L. L. Ford (Execution of)

L. L. Ford was one of two men hanged for the 1879 murder of a Crittenden County man, though many believed him innocent and he denied being involved in the crime.

On October 26, 1879, four masked men rode up to the home of John Broadway, age fifty-five, about ten miles north of Marion (Crittenden County). One of them was John Potter, who worked for Broadway and believed that Broadway had $300 in his home. When Broadway tried to defend himself, another robber, Hiram Jeffries, shot him down. The four men fled, having netted only eight dollars.

Potter, Jeffries, L. L. Ford, and Cal Huey were arrested and charged with Broadway’s murder. Huey got a change of venue to Mississippi County, but a Crittenden County Circuit Court panel indicted Jeffries and Ford on November 16, 1879. They were tried and convicted in Crittenden County, largely on the testimony of Potter, who had turned state’s evidence. The state Supreme Court upheld the conviction on March 21, 1880. On April 14, 1880, two days before Jeffries and Ford were scheduled to hang, Potter helped Jeffries escape from jail, and the two men disappeared.

Ford had been offered the opportunity to turn state’s evidence “but declined, stating that he knew nothing of the murder.” Governor William Read Miller gave Ford a reprieve from the scheduled April 16 hanging, moving the execution date to May 28, 1880. As that date approached, several people went to Little Rock (Pulaski County) to ask Miller to give Ford executive clemency since “he had been convicted on the evidence of a man who planned a robbery, in the execution of which the murder was committed.” Miller, however, was nowhere to be found, as he was campaigning for reelection.

A reporter visited Ford in his cell on May 28, and the twenty-five-year-old told him, “I am prepared to die, although innocent.” The Arkansas Gazette noted that “there was not one person present who witnessed the execution that was not impressed with the probable innocence of Ford,” and the local sheriff delayed the hanging into the afternoon in hopes of receiving word of a gubernatorial reprieve.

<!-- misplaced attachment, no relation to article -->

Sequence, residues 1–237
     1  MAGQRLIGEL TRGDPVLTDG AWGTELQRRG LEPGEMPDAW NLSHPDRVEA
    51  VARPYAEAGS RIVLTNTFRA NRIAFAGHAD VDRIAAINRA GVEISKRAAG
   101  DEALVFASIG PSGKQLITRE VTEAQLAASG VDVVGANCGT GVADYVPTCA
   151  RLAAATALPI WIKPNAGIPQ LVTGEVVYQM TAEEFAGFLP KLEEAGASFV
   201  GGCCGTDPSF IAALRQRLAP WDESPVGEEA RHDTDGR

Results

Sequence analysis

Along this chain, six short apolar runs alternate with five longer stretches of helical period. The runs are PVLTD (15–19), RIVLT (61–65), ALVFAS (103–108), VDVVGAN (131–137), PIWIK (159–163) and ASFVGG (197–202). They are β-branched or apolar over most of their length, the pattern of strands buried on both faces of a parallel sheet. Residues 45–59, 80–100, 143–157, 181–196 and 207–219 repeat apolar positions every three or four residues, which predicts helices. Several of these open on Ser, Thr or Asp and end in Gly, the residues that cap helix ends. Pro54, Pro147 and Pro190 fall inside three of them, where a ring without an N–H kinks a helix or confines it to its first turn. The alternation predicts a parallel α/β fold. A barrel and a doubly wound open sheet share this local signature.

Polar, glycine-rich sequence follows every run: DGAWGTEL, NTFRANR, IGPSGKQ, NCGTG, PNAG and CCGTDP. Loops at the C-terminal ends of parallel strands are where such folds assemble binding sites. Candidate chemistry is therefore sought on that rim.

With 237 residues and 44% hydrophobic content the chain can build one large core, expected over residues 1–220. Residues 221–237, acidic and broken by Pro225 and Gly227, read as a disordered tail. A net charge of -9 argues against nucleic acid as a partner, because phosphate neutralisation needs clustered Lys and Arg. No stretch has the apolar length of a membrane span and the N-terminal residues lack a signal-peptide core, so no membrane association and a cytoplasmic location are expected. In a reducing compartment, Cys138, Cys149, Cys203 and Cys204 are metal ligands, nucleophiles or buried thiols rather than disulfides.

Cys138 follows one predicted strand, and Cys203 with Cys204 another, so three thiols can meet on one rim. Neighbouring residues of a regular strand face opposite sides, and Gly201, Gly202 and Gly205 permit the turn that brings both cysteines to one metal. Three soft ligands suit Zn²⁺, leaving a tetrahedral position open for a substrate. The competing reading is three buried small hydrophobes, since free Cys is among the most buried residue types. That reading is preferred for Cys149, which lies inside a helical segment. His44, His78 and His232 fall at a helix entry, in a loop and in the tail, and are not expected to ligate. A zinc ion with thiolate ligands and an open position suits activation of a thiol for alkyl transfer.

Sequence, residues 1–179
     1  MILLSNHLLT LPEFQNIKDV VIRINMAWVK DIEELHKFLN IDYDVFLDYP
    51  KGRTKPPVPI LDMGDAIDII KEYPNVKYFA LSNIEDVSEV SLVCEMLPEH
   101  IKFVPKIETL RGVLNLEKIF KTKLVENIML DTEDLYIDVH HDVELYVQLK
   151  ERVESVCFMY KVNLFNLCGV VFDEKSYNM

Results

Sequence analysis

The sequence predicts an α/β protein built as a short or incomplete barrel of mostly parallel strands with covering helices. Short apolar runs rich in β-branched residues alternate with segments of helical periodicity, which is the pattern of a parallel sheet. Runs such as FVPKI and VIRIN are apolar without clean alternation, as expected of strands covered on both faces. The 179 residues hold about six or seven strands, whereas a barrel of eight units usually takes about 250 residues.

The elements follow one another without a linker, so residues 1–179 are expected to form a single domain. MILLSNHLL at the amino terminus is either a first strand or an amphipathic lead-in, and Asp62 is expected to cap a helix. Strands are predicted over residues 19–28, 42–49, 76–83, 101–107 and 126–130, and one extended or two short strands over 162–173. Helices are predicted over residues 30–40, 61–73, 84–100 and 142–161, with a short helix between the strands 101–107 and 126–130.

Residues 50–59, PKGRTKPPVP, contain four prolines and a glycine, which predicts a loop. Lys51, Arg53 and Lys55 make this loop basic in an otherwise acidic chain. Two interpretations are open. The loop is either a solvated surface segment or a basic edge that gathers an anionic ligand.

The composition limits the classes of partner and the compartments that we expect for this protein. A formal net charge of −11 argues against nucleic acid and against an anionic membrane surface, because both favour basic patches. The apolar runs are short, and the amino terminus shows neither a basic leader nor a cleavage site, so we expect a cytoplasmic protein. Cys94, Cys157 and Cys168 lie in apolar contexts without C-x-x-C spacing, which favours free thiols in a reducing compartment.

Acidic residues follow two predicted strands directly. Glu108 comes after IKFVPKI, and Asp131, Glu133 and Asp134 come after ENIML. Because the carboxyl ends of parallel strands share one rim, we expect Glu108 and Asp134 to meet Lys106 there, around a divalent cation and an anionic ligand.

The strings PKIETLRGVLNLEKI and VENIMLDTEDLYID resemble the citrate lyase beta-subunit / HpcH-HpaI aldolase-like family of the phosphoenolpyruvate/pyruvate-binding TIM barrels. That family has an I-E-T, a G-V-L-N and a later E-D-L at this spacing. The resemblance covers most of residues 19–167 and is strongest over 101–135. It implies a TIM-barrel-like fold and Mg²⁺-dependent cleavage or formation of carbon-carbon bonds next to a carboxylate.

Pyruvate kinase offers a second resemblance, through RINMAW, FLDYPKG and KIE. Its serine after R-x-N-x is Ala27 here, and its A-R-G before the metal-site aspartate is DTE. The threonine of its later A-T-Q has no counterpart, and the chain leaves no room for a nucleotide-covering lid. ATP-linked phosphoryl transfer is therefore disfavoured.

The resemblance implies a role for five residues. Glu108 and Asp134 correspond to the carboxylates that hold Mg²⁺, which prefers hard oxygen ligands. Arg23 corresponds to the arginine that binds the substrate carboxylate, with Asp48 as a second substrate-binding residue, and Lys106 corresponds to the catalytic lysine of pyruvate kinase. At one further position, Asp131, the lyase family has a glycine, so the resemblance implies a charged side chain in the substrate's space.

Finally, at around 4:00 p.m., Ford was taken the gallows, where a crowd of around 500 had gathered. A preacher read a psalm and sang a hymn “in which Ford joined, his voice rising high above the others.” When asked if he had any last words, Ford said, “I never thought I would witness such a scene as this, much less to appear as the principal actor. I am not guilty of the charge of killing John Broadway. I am prepared to go and meet my God.”

The black cap was placed on Ford’s head, the trapdoor opened, “and Ford swung off into eternity. His neck was broken by the fall and only a few spasmodic convulsions were noticeable.” He was pronounced dead after hanging for twenty minutes, and his body was turned over to friends.

The Gazette opined: “Ford, although the least guilty of the lot, if guilty at all, has been hung, while two of the ringleaders are free, and there is no evidence to convict the third, who is yet in jail.” Cal Huey, however, would be hanged at Osceola (Mississippi County) on January 14, 1881.

There was widespread suspicion that Miller declined to pardon Ford for fear it would cost him Crittenden County’s five delegates to the state Democratic convention. Miller would not win a third term in office.

For additional information:
“Gov. W. R. Miller.” Arkansas Gazette, June 1, 1880, p. 5.

“Into Eternity.” Arkansas Gazette, May 29, 1880, p. 5.

“Moore and Miller.” Arkansas Gazette, June 3, 1880, p. 5.

“Will He Hang?” Arkansas Gazette, May 26, 1880, p. 8.

Mark K. Christ
Central Arkansas Library System


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